I’ve talked about the importance of grammar and punctuation here, and believe me, I think they’re important, but they’re not the most important thing you need to know about writing.
It’s all about YOU.
A lot of people giving writing advice will tell you that you should think about your reader, focus on what that person wants to read. However, while they may be important, here’s the key thing: Nobody can write like you can.
You can ask 100 different people to write about a specific tree, and each one will focus on a different thing. One person will write about the willowy height of it. One will write about the colors of the leaves. One will discuss the way the wind sounds as it blows through the leaves. Someone will focus on the bird’s nest in the branches. You’ll hear about how there are other trees nearby so this one won’t feel lonely, the magic of such a thing coming from a tiny acorn . . . all that.
Every person will see that tree through their own, personal filter. This filter is colored by their personality, their life experiences, and their expectations, because all of these things affect their world-view. That is, an optimist might describe an accident by saying, “They really didn’t mean to go through that red light,” while a more pessimistic person might say, “They didn’t even care that light was red, they just flew right through it!”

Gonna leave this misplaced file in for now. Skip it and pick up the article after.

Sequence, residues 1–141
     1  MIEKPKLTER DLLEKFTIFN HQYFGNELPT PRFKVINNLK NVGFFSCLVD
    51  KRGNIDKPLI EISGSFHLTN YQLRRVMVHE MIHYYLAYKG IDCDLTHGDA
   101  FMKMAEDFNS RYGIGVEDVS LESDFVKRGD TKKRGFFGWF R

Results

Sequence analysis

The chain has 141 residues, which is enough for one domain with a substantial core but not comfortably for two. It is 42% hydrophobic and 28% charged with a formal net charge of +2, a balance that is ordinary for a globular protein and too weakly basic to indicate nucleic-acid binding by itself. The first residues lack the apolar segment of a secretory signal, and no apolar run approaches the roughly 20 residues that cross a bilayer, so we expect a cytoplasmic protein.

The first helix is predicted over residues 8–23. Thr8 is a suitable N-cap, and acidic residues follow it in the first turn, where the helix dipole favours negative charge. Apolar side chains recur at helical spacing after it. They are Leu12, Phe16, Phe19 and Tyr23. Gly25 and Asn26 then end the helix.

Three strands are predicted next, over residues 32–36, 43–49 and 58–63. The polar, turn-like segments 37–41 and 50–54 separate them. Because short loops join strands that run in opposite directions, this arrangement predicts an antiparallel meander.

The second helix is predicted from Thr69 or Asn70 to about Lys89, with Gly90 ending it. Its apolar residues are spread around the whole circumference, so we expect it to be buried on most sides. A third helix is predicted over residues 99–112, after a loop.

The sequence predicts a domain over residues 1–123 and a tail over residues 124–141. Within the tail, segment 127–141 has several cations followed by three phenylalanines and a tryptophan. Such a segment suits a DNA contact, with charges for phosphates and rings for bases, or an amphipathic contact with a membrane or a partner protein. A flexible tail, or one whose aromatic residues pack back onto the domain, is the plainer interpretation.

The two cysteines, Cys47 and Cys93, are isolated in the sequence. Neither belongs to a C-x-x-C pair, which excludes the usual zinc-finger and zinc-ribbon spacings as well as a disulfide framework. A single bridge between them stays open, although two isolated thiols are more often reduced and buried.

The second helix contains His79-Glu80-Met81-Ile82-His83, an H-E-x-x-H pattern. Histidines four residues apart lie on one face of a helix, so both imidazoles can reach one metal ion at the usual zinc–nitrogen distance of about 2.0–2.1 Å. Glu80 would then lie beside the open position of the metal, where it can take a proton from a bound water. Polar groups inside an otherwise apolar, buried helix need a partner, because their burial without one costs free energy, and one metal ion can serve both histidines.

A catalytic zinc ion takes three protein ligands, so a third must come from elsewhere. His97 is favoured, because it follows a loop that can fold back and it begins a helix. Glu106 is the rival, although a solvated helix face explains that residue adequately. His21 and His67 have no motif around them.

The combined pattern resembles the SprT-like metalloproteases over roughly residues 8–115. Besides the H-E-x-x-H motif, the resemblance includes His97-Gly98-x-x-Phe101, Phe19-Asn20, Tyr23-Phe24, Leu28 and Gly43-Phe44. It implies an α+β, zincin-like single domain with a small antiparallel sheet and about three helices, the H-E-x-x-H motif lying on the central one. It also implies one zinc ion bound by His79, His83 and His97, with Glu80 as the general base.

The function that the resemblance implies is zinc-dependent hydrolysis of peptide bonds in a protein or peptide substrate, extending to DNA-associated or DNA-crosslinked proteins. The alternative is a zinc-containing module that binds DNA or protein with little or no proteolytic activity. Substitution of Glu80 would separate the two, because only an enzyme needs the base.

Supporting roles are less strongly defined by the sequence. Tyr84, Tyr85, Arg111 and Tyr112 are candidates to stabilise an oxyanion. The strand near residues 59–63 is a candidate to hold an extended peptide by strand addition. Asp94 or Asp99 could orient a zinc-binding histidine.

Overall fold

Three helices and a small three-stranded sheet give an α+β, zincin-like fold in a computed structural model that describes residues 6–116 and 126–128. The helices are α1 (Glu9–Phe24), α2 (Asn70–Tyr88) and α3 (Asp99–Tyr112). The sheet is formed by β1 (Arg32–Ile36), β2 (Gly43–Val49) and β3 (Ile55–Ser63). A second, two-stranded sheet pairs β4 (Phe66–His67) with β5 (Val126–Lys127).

Nobody else has the same filter you have. Your point of view is totally unique. The way you view the world is unlike the way I do. We see different details; we think differently. Our way of using language to describe things is also different. I couldn’t write like you any more than you can write like I do. (How many people have tried to write like William Shakespeare and failed miserably?)
The tools of writing are the same for all of us, and some people are better at using them than others. (I like to view the people who play fast and loose with their punctuation as the type who are forever dropping their hammers on their toes–they’ll get the job done but it’s a lot more painful than it needs to be.) Ultimately, though, when you set pen to paper, or fingers to keyboard, all you can do is to write as yourself. You should never try to imitate other authors, nor sound overly professional and businesslike, nor agonize over points of grammar. You should endeavor to sound like you. Nobody else on the planet can do that.
It doesn’t matter if you’re seeing the world through rose-colored glasses or through bi-focals. Your own life experience is totally unique and solely your own. If you write from your heart about what you know to be true, there isn’t anyone who can quite duplicate that. There will always be people who are better–better descriptions, better sales pitches, better dialogue, better punctuation–but they’ll never be you. Embrace that. Find your voice. And write.